RECORD: Darwin, C. R. 1837. On certain areas of elevation and subsidence in the Pacific and Indian oceans, as deduced from the study of coral formations. [Read 31 May] Proceedings of the Geological Society of London 2: 552-554.

REVISION HISTORY: Scanned by Angus Carroll, OCRed, corrected and edited by John van Wyhe 2003-8. textual corrections by Sue Asscher 12.2006. RN3


[page] 552

"On certain areas of elevation and subsidence in the Pacific and Indian oceans, as deduced from the study of Coral Formations;" by Charles Darwin, Esq., F.G.S.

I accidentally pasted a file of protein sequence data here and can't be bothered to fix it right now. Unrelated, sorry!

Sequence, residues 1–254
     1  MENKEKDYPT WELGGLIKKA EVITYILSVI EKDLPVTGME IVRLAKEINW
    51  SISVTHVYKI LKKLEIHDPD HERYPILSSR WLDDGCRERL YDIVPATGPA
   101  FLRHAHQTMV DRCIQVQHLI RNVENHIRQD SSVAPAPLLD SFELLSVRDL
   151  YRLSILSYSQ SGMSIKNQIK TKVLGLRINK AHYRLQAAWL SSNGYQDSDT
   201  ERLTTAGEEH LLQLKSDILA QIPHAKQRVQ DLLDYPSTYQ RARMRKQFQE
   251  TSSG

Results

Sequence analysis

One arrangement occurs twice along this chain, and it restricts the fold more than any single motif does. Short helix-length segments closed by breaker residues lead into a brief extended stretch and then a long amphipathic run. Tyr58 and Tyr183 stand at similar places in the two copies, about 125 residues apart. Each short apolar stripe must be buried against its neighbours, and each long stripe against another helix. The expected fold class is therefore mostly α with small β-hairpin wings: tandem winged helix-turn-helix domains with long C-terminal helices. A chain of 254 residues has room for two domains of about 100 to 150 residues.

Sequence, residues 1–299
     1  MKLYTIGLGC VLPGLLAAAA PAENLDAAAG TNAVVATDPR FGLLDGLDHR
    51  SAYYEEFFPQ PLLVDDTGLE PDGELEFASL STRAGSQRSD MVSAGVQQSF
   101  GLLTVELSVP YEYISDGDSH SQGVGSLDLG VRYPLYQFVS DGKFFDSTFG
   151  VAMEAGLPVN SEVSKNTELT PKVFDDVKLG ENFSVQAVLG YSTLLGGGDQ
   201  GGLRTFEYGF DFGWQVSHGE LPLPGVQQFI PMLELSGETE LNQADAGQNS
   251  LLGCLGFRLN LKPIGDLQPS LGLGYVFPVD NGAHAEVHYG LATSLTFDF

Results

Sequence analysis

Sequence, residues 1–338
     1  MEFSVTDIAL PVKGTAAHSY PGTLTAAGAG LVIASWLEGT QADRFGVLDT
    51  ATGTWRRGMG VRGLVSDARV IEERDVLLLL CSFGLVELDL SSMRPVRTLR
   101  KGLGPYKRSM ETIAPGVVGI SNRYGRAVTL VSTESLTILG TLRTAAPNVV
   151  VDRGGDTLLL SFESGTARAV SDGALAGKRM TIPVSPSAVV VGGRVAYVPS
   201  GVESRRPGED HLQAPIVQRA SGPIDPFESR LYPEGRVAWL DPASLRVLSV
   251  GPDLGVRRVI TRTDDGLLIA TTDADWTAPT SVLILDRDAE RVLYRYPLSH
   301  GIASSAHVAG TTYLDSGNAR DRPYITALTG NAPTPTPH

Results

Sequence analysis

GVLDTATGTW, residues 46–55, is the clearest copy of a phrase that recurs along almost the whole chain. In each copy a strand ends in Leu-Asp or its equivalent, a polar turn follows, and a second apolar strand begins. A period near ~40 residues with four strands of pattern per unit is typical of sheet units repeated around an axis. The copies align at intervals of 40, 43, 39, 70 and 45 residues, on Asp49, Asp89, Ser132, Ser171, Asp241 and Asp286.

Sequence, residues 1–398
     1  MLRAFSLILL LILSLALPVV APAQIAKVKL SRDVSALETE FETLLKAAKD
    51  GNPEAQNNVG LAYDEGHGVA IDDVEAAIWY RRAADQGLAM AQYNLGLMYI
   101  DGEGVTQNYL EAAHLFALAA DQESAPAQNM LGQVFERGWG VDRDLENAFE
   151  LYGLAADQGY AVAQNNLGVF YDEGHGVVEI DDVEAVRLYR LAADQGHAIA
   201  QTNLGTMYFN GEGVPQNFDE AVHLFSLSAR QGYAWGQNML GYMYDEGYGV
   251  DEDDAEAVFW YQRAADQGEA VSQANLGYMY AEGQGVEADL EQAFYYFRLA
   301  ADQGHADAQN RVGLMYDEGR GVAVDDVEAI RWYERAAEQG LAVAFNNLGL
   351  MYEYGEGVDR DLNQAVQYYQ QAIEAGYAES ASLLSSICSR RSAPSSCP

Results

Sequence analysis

The author commenced by observing on some of the most remarkable points in the structure of Lagoon islands. He then proceeded to show that the lamelliform corals, the only efficient agents in forming a reef, do not grow at any great depths; and that beyond twelve fathoms the bottom generally consists of calcareous sand, or of masses of dead coral rock. As long as Lagoon islands were considered the only difficulty to be solved, the belief that corals constructed their habitations (or speaking more correctly, their skeletons), on the crests of submarine craters, was both plausible and very ingenious; although the immense size, sinuous outline, and great number, must have startled any one who adopted this theory. Mr. Darwin remarked that a class of reefs which he calls "encircling" are quite, if not more, extraordinary. These form a ring round mountainous islands, at the distance of two and three miles from the shore; rising on the outside from a profoundly deep ocean, and separated from the land by a channel, frequently about 200 and sometimes 300 feet deep. This structure as observed by Balbi1 resembles a lagoon, or an atoll, surrounding another island. In this case it is impossible, on account of the nature of the central mass, to consider the reef as based on an external crater, or on any accumulation of sediment; for such reefs encircle the submarine prolongation of islands, as well as the islands themselves. Of this case New Caledonia presents an extraordinary instance, the double line of reef extending 140 miles beyond the island. Again the Barrier reef, running for nearly 1000 miles parallel to the North-East coast of Australia, and including a wide and deep arm of the sea, forms a third class, and is the grandest and most extraordinary coral formation in the world.